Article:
In recent weeks, essential workers have been pushed down the priority list for COVID-19 vaccinations in states including California and Massachusetts, a decision that is likely to cost lives among the people we rely on to keep us fed and keep the economy going. A recent study by researchers at the University of California-San Francisco shows a big spike in excess death among these workers in 2020.
There was a 22% increase in deaths over all adults aged 18 to 65 in California last year, the researchers found. But among food and agricultural workers, the increase was 39%. For Latino adults overall, the increase in deaths was 36%. For Latino food and agriculture workers, it was 59%. For Black working-age adults, the increase was 28%, and for Black retail workers, it was 36%. Asian Americans also saw a big jump in one profession, from 18% excess mortality for everyone working age to 40% for healthcare workers.
White Californians got off easy—6% excess mortality for everyone age 18 to 65 and 16% for food and agriculture workers. That’s a ridiculously large difference.
The danger for essential workers doesn’t stop with their own lives. Two essential workers interviewed by The Wall Street Journal recount infecting members of their families—one woman’s husband died after an outbreak in the grocery store where she works. Every day, 68-year-old Joyce Babineau lights a candle and talks to her husband’s ashes. “I talk to him and tell him I’m sorry,” she told the WSJ. “Because I brought it home.”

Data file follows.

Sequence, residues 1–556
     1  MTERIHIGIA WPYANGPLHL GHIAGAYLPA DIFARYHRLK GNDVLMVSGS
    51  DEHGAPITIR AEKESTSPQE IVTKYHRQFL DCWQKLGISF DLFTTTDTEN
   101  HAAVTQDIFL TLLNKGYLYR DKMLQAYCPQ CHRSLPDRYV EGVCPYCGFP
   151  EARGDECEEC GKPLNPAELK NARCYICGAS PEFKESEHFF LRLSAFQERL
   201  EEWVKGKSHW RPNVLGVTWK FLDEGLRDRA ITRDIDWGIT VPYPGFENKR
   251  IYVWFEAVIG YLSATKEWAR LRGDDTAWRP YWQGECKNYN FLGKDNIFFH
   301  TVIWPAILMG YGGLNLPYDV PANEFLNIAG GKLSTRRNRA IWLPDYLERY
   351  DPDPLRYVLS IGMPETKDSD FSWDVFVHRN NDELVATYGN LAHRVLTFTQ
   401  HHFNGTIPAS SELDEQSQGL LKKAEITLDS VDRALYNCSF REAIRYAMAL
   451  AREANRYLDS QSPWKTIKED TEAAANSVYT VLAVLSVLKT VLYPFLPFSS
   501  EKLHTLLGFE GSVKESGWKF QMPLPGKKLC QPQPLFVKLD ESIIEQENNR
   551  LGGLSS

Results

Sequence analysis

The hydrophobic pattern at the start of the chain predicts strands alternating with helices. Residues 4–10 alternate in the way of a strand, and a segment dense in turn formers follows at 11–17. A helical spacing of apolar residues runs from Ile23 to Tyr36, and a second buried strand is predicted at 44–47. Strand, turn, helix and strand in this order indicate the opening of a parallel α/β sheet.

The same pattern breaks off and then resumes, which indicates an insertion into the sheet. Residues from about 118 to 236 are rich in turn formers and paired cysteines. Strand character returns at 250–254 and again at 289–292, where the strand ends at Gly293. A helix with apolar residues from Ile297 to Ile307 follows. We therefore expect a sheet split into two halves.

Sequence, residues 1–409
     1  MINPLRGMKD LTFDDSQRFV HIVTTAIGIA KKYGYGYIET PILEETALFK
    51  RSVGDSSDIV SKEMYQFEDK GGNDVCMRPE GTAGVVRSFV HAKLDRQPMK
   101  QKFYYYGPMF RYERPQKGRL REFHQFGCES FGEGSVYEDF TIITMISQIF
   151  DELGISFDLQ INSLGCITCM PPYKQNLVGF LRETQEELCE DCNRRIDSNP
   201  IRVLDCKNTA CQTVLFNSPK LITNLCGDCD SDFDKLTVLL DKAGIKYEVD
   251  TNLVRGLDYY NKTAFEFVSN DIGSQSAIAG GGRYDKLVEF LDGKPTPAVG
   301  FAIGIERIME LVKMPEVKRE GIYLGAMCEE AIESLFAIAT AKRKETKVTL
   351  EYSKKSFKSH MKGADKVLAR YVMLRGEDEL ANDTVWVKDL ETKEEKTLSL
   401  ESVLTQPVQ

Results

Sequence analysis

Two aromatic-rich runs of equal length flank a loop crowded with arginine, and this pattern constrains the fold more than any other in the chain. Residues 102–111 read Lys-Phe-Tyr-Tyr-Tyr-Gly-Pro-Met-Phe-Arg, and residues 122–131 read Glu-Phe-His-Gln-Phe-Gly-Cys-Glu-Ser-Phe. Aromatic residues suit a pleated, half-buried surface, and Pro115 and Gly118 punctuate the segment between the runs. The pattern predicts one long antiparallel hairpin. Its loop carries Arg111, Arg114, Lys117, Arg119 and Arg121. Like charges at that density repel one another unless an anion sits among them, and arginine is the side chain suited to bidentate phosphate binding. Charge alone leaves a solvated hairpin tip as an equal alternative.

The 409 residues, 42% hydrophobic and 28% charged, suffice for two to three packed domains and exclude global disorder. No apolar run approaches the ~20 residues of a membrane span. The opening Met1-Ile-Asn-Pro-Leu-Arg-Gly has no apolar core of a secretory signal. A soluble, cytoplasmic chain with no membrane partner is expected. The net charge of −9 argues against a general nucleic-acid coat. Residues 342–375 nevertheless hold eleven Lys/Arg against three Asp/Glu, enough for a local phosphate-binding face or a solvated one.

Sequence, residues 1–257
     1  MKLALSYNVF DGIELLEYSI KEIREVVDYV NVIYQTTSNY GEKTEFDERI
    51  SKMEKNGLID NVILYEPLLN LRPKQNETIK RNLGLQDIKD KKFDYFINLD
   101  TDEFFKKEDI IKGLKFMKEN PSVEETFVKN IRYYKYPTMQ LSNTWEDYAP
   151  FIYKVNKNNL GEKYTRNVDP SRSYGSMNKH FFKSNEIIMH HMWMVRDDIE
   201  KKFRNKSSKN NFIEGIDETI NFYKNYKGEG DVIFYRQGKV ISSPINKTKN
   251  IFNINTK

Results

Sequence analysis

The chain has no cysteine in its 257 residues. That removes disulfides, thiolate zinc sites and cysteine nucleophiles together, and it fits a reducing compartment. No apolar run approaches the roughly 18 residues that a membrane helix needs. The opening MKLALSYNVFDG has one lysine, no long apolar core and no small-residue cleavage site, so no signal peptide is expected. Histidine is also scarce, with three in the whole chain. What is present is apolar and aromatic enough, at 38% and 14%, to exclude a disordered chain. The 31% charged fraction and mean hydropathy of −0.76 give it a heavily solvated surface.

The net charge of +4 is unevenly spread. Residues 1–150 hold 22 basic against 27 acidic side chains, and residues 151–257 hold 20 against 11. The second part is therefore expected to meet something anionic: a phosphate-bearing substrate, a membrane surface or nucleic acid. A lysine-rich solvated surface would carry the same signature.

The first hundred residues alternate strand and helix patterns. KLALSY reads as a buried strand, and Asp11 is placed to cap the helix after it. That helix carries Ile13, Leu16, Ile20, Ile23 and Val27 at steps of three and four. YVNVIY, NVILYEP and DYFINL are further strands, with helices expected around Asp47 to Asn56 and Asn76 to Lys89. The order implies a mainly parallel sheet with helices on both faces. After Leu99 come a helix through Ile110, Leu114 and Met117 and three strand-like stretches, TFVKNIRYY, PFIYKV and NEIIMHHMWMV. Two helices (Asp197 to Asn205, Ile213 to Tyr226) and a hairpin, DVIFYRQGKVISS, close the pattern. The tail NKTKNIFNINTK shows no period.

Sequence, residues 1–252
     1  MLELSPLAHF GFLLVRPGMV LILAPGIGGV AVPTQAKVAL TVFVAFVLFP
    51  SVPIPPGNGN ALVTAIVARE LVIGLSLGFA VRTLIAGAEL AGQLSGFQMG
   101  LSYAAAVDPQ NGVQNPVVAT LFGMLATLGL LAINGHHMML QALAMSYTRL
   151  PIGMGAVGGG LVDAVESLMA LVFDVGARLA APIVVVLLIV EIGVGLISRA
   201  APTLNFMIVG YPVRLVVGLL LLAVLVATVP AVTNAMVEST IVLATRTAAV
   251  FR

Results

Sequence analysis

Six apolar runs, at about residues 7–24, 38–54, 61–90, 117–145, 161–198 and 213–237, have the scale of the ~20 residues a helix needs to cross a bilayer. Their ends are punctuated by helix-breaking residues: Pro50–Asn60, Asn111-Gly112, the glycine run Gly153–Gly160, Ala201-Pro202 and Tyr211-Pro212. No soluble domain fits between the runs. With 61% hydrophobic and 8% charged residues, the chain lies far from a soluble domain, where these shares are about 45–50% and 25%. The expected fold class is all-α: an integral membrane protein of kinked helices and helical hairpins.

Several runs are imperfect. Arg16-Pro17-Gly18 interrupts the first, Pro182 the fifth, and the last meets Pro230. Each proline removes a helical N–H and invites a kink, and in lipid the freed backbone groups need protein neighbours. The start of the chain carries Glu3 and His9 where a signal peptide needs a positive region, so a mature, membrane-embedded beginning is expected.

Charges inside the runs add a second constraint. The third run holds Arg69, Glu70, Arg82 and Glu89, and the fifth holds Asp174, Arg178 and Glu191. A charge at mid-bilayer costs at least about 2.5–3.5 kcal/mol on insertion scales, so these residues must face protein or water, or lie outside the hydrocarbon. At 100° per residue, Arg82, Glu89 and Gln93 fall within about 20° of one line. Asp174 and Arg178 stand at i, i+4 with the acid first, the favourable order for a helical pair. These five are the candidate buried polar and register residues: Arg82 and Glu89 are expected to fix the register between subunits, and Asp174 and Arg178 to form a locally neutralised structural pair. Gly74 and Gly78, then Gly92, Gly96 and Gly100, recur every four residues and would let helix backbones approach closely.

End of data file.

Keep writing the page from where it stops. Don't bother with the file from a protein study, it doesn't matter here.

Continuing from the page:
Now Babineau isn’t sure she can afford to retire this year, as she and her husband had planned, and she’s still showing up for her shifts at Stop & Shop. “As time goes on, everybody forgets that you’re still on the front line.” Safety measures at many workplaces have never been adequate—many have been almost entirely hygiene theater—and many companies eliminated their already inadequate hazard pay a few months into the pandemic, even as workers continued to get sick and die.
It’s hard to wrap our minds around the more than 440,000 COVID-19 deaths the United States has suffered. For workers who can’t stay home and are at the mercy of their employers’ highly variable commitments to health and safety measures, every day on the job brings the risk that they or a member of their family will be added to that toll. And we haven’t reckoned with that, either—congressional Republicans and some Democrats are still dragging their feet over the idea of taking the next four years to raise the minimum wage to $15. Paid leave is still not a reality in most of the United States, except in limited ways for limited time during the pandemic. The pandemic came, and the United States answered, in policy and politics, that essential workers are dispensable human beings.
This blog originally appeared at Daily Kos on February 2, 2021. Reprinted with permission.
About the Author: Laura Clawson has been a contributing editor since December 2006. Clawson has been full-time staff since 2011, and is currently assistant managing editor at the Daily Kos.